I had a very negative reaction to the Dove ‘evolution’ video that’s doing the rounds today. It’s a sophisticated marketing tool which says nothing women (and many men) don't already know – that models used for advertising and women’s magazine features are skillfully made up and the resulting images may then be digitally enhanced.
Dove says: ‘No wonder our perception of beauty is distorted’ and refers to something called the ‘Dove self-esteem fund’ for young women, which of course is welcome – but who benefits from women’s aspirations towards these distorted images? Well, Dove is part of the Unilever group, and sells skin and hair care products. One of their ranges is ProAge, an intensive moisturising collection aimed at older women. Dove may focus their charitable work on the young, but they also play on older women’s insecurities to make us believe we need special shampoos, deodorants (FFS!) serums and body moisturisers, to make ourselves look or at least feel younger. So I take the claim that ‘beauty comes in all ages, shapes and sizes’ with a very large pinch of salt.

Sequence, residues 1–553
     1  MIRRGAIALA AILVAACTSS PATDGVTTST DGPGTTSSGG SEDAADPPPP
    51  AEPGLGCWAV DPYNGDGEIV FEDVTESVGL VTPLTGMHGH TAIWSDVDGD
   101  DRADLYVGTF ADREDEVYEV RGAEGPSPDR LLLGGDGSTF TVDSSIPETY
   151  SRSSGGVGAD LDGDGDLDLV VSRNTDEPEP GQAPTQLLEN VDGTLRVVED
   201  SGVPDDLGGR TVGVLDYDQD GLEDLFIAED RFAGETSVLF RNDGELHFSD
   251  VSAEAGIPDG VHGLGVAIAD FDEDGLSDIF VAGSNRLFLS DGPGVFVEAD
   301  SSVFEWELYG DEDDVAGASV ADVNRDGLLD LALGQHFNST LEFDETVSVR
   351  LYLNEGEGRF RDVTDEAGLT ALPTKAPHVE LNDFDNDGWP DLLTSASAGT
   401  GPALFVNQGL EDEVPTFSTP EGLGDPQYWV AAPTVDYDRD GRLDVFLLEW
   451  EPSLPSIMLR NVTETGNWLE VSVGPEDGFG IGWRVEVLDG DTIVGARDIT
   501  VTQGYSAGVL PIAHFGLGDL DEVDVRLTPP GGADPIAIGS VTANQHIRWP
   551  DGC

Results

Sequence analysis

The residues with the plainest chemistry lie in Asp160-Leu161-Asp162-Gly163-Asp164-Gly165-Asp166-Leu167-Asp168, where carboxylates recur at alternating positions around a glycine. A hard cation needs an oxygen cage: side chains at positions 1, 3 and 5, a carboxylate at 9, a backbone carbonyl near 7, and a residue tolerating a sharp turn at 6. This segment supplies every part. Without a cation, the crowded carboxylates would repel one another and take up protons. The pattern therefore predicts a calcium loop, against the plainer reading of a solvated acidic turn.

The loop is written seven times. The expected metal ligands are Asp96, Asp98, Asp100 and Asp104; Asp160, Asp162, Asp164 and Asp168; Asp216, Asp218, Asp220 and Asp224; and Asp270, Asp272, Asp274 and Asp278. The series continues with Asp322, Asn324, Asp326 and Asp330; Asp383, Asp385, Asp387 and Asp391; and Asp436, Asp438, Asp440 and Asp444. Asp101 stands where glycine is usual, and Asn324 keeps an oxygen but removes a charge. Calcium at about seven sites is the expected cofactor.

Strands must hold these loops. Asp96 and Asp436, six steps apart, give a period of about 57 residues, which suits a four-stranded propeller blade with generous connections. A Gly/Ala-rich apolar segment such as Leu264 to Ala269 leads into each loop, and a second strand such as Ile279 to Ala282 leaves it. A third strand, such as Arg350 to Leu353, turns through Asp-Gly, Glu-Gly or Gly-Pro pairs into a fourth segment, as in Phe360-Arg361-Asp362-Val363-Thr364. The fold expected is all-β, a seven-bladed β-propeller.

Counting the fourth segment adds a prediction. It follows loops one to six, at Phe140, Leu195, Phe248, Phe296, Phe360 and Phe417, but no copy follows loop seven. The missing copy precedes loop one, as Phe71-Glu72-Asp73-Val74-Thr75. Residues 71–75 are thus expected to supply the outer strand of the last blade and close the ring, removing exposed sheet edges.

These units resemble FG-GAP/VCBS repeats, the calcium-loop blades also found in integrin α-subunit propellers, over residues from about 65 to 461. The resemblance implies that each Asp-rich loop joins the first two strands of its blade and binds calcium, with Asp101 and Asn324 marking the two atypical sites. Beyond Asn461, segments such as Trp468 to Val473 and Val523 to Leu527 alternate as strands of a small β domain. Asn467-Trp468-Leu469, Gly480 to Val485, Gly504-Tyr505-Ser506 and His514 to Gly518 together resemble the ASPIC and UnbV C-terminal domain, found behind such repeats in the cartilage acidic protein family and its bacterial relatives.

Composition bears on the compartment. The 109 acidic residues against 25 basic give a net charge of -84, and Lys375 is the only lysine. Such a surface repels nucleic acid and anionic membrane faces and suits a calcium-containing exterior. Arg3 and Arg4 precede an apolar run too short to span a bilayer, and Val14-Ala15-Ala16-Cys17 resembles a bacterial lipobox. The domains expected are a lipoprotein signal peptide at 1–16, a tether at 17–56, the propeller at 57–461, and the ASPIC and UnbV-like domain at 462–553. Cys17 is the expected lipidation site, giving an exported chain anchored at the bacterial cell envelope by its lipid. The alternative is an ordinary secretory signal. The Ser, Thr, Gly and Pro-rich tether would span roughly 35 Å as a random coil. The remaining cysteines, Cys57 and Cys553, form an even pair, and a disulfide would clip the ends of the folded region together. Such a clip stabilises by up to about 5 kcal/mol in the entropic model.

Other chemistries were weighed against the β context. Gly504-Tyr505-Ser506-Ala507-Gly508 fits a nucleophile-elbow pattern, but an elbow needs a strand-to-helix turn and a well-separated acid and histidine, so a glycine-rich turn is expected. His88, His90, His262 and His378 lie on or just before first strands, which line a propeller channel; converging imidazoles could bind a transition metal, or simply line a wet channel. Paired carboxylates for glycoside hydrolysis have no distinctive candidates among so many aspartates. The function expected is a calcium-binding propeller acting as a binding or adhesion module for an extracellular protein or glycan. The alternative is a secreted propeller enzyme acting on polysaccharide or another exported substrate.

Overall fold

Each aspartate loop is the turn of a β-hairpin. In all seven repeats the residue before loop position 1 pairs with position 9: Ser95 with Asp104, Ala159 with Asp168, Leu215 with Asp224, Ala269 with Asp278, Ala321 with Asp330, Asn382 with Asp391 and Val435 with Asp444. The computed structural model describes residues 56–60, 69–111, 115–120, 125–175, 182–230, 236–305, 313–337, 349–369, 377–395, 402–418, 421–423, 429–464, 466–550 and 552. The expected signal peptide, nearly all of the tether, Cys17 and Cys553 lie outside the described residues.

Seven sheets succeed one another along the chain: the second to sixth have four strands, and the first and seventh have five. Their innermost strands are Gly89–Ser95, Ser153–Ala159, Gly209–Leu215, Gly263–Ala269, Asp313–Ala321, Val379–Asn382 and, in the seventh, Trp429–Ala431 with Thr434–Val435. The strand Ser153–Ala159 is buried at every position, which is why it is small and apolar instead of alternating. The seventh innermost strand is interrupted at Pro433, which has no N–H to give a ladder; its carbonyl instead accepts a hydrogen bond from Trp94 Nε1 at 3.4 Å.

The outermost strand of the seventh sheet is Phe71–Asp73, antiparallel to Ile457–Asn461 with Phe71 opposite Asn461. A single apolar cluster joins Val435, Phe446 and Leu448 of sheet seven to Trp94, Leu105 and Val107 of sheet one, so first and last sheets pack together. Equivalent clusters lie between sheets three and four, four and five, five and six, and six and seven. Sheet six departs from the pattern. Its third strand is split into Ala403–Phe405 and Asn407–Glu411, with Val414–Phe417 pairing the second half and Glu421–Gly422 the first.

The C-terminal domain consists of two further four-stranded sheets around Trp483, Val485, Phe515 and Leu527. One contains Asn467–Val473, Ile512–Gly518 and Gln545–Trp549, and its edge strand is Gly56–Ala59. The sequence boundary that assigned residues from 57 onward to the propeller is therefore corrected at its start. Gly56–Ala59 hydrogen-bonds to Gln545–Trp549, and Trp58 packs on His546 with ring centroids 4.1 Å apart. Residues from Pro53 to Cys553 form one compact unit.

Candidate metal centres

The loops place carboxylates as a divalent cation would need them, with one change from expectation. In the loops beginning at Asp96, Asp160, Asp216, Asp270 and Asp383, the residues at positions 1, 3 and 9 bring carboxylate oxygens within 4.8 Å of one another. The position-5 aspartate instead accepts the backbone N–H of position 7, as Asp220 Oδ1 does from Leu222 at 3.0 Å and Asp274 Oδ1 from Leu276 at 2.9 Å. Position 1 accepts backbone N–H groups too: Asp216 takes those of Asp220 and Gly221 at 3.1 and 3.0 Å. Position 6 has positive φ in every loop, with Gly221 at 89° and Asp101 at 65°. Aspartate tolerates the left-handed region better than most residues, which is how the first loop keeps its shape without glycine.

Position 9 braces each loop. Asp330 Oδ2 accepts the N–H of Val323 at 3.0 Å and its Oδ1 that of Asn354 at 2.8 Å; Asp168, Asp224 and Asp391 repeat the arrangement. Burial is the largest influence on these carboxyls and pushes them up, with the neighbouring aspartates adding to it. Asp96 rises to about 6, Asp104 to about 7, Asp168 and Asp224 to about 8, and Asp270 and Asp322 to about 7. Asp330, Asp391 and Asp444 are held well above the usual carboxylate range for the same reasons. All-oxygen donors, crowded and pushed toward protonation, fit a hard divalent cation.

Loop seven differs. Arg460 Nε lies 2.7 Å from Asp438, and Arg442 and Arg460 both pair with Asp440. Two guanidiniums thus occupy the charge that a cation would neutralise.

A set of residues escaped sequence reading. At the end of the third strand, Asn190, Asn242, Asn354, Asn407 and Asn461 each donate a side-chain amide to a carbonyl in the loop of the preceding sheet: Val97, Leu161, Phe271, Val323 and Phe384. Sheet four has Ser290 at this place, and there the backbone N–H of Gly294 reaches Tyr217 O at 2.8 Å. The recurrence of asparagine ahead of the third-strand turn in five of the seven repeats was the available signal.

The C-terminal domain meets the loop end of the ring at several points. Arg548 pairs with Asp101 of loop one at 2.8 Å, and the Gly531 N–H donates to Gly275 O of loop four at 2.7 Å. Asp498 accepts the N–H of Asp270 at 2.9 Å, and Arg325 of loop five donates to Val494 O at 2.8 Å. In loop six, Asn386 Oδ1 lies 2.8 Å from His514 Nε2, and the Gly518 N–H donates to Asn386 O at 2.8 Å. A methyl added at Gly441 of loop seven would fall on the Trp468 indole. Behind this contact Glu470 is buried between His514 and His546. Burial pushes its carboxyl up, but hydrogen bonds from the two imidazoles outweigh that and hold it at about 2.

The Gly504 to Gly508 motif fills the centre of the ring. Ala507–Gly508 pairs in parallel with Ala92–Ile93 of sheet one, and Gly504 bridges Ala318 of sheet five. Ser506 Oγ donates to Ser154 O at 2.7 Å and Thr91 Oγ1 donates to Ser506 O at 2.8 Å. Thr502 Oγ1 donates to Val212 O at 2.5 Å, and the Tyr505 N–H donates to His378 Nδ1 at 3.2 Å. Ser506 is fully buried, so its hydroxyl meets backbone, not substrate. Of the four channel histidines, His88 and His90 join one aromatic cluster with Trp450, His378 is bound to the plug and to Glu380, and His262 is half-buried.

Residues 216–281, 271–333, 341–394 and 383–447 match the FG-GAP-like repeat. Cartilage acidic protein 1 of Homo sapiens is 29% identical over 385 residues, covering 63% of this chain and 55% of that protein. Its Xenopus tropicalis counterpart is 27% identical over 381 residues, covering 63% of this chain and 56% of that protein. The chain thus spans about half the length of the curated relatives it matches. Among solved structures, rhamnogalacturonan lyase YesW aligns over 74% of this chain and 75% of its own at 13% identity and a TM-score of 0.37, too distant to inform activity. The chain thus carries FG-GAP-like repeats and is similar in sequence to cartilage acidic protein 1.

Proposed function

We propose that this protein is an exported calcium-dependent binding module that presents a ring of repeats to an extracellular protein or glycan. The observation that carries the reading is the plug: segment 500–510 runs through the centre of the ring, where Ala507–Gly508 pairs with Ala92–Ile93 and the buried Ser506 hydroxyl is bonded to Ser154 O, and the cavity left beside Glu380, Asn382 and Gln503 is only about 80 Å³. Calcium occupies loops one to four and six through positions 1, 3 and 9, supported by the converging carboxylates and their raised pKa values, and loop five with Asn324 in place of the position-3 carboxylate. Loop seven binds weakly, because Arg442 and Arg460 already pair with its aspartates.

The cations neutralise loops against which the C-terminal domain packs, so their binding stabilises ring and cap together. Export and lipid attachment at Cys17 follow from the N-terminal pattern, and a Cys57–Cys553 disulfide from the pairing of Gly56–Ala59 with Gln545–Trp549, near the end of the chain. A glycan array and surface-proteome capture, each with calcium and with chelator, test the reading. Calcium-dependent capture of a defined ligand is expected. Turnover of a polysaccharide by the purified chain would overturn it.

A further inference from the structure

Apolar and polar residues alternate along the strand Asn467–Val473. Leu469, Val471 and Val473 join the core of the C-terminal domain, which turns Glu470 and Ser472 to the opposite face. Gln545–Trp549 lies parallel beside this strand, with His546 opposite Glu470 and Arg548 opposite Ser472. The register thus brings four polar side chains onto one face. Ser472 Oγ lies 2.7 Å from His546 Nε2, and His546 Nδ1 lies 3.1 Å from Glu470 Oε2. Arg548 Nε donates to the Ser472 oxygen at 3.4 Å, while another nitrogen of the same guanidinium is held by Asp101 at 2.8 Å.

Any woman putting on her make-up in the morning knows that images of women in advertising are not ‘real’. We know they are used to sell us clothes, make-up and other fancy things, and many of us go along with it because it’s fun, and because our self-esteem is not solely connected to our appearance. But others really do suffer.
The reasons why ‘beauty’ marketing contributes to poor body image in women are more complex than that we don’t understand what’s going on. The truth is that society values youth and beauty, which is fine by me but the other side of the coin is not, namely that fat, ugly and older women are ignored or derided - often by both sexes. If a woman spends time and money on trying to improve her appearance, it may be an entirely rational reaction to the responses she observes around her. This is particularly so in some workplaces or social circles, or at certain times in women’s lives, and sometimes also, sadly, in families.
So give us more credit, Dove. It’s still survival of the 'fit'test out there and no marketing campaign by a brand which relies on this will lead to real change. When men – and other women – start treating everyone with respect, without derogatory reference to their looks, then women will stop being insecure and a bar of soap will just be a bar of soap. Until then, it holds a dream.